It doesn’t stop there, either. Wine producers in the Valdepenas DO of Castillo LaMancha face large fines for falsely labeling their wines in 2019.

Almost 14 million liters of young wines were sold as Crianza, Reserva and Gran Reserva. Let’s read that again: 14 million liters of intentionally mislabeled wines were sold, and a good bit landed here, as well as other countries. You can bet two of the producers named have already turned against each other!

Italian police have uncovered a counterfeiting ring where many thousands of premium-labeled empty bottles were refilled with cheap wine and resold to the international markets and at auctions as the real ones. The empty bottles had been collected from restaurants by employees there.

The bottles were filled from cheap wines bought from retailers, or online, and origins from all over, except from where the label stated. Someone bought an expensive Barolo label filled with Yellowtail quality wine. These bottles were then recorked, covered in counterfeit capsules, and false guarantee seals.

The pricing was well below the standard level for these premiums. That started raising eyebrows no doubt. This investigation is ongoing.

China in the Mix

Surprise, surprise, China is in this racket game. What a shame, too. Chinese-produced wines were really starting to get good reviews. I have a friend who started a vineyard there about 12 years ago now. I was seriously impressed with the quality he was able to produce.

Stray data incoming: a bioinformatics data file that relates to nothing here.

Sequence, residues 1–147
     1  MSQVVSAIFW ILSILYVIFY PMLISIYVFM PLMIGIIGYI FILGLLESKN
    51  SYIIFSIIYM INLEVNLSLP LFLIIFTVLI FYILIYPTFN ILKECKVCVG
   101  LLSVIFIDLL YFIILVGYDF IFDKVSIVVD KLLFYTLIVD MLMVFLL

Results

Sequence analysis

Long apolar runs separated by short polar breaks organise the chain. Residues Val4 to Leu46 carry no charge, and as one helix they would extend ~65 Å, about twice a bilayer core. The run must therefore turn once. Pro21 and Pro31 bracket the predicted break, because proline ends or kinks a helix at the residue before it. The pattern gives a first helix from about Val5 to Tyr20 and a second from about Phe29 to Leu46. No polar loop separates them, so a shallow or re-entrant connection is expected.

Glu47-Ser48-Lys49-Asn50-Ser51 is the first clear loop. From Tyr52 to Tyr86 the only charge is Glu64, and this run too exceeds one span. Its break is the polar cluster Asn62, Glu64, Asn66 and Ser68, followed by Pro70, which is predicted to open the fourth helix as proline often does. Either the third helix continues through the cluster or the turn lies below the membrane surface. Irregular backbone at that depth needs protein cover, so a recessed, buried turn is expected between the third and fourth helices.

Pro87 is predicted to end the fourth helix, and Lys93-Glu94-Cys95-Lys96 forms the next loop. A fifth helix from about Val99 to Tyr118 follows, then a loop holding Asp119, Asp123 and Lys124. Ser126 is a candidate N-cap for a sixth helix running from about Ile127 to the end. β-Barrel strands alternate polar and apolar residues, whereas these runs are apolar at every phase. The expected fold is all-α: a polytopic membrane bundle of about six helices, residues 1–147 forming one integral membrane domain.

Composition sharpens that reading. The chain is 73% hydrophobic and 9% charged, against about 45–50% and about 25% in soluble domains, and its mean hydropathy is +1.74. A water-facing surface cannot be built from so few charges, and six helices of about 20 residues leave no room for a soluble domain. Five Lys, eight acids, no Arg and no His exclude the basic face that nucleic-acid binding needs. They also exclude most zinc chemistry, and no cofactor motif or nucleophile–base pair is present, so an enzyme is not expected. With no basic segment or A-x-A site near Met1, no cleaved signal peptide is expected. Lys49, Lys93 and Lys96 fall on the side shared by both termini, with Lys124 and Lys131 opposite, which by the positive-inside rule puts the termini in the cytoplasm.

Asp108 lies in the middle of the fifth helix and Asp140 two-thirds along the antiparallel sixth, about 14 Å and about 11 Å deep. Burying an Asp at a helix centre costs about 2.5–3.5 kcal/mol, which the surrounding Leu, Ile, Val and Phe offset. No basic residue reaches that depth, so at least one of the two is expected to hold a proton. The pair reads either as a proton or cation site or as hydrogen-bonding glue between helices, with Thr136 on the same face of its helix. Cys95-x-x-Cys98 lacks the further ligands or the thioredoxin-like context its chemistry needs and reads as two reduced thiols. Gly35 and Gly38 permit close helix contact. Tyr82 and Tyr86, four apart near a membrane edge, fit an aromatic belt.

The industry there won’t do anything about the fake wines infiltrating their market out of fear -- again, not a surprise there. It’s almost as if the government there does not want success and independence. You will find Yellowtail there, but look at the kangaroos to notice the difference. Or Penfold’s is named Penfriend’s.

You can find Burgundy-labeled wine with the Bordeaux label. Raids have found Chinese wines that have been chemically altered and falsely labeled. Fake wine is lucrative for China. The only way to get them to slow down may take all the international big labels to expose and fight this corruption. It is certainly in their best interest. Who would want their label they work so hard for to be undermined by cheap, altered wine?

Of course, we can’t end this without France being in the equation. There is an estimated 66.5 million inferior labeled wines as Cotes du Rhone and Chateneuf du Pape. This is coming from not only producers, but negociants, as well.

Bordeaux is suffering from yet another fraud scam by producers labeling their bottles as Grand Vin, rather than Bordeaux Superieur. By the way, how was the Bordeaux you drank in 2018? Was it off? Probably because over 600,000 bottles of Bordeaux had their tanks topped off with cheaper Languedoc wines.